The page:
Sunday, April 05, 2015

My Scrapbook - Features Digest - 1

I often post articles and features that I like on Twitter and Facebook.  But these places are so overcrowded that it is sometimes difficult to extract and even remember what I posted a while back.  Hence, I have decided to create a blog post with tags that will make it easy to refer to a good article that I read.

My father read extensively and wrote extensively as well.  In his heyday he ordered a number of newspapers and periodicals.  In his bid to categorize his readings, and also for easy recall, he had built up a system of saving newspaper cuttings of the articles he read. He would then put them in file folders meticulously.

It was quite common for us to open a newspaper and find windows cut into it.  Magazines met the same fate.  There was a time when my father would cut out the advertisements from the magazines because he felt they were unnecessary.  Visitors to our house would stop short when they saw the entire house covered with books, magazines and newspapers.  The floors were laid out with newspaper cuttings that awaited being categorized and put away.

When we were young, my father sent us a scrapbook with pictures and captions.  They were clippings of pictures from various magazines that were stuck in a scrapbook.  Thinking back, I am not sure that my father made those himself.  Maybe he got help from some student of his. I remember being charmed by them.  Once of twice, I made similar picture scrapbooks and gifted them to friends.

Now, I realize the importance of those saved articles, when I rack my brains to remember something I had read but cannot recall the specifics.  With all these tools on internet available to us, it is easy to store stuff electronically.  So here goes my first digest.

Today's Literary Review by The Hindu had some good articles.  I loved the few books of Krishna Sobti that I read recently.  There was a nice article on her in this pullout. Here is a link to article, "A strong voice".  I liked this review of Geeta Hariharan's book, "Almost Home", in the same magazine.

In today's Indian Express, I came across this profile of a man who is in charge of the meteorological department of J&K, and found it quite interesting. "The Rainspotter", a day in the life of Sonum Lotus. The article was laudatory to him. When I checked him out on twitter, he was being flooded with bad press, accused of making false predictions.  It is so hard to know what is correct and what is not correct, in these days of information overload.

Finally, a humorous piece in Eye Magazine of Indian Express from my favorite author, Ranjit Lal.  It is titled "The Indian Driver's Handbook" and is accompanied by a delightful, Mario-esque illustration.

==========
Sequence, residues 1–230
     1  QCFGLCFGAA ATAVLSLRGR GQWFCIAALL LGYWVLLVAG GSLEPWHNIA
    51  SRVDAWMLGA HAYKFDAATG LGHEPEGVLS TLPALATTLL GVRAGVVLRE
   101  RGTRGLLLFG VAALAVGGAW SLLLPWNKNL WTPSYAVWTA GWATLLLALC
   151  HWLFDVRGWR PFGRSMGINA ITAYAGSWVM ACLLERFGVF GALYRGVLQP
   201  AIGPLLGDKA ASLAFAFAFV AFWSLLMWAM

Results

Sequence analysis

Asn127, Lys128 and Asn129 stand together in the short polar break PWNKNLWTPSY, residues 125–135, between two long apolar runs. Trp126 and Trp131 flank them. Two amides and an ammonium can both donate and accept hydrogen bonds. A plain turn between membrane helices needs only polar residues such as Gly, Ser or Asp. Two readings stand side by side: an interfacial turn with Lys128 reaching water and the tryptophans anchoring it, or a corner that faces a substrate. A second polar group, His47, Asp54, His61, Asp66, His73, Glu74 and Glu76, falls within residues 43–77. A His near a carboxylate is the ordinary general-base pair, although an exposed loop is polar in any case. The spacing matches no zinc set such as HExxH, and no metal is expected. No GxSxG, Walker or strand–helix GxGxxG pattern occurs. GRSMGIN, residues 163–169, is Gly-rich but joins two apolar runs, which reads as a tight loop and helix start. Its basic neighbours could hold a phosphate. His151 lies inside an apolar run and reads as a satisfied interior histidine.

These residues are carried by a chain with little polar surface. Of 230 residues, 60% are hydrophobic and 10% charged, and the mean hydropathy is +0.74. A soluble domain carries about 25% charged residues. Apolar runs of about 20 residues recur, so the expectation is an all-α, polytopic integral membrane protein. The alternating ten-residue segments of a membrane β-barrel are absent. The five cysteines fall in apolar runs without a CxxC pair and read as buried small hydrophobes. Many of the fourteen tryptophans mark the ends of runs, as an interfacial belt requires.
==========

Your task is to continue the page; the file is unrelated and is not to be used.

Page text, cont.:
Wednesday, December 17, 2014

#FixOurRoads: Opp. Comfort Banquet, Zirakpur



The Old Kalka-Ambala Road, that led from Zirakpur to Ambala used to be an abandoned road for a long time.  It had agricultural land on both sides and lay green but forlorn. Now the place is humming with activity.  All thanks to the various housing societies that have sprung up adjacent to this road. An overbridge that leads to Kalka from Zirakpur light point cuts free access to this road from the Chandigarh end.  People commuting to Dhakoli or Peer Muchhala from Panchkula have to take this road.  Their numbers grow day by day.  Comfort Banquet is a well known landmark right at the Panchkula end of the road.  It is a busy hub.  You see, there are two daaru ka thekha (alcohol shops) here. There are some small joints selling food here, a few shops and a shanty market selling vegetables.



I have to commute along this road everyday as I live in Dhakoli and work in Panchkula.  I drive a scooter and leave office by 6 PM in the evening. It is dark and bitterly cold by that time.  The drinking population rejoices at the early darkness as it means they can ‘party’ early.  The atmosphere is of happiness for a few and fears for some.  If everything was good, one can pass by this little stretch of barely 5 or 10 meters in the matter of a second or two.  But things are not good here.


The bit of road in front of Comfort Banquet always sags.  It has been filled with pebbles and built over at times, but within a few weeks it is back to its pockmarked self.  There are huge cavern sized pot holes on the road.  Two wheeler drivers have to slow down and find a good patch to drive on that will not upset the scooter.  On dry days it is still possible, as the cavern is visible and one can slowly pass it by.  But on rainy days everything gets waterlogged and it is harder to spot a good bit of road to use.  By the way, whatever light we have in this spot is thanks to the shops and the Banquet.  Move up the road and you are left in total darkness.



I have no idea who I should contact for this.  But I am putting these pictures here and in social media, hoping that someone wakes up to the difficulty the population of Dhakoli face on a daily basis.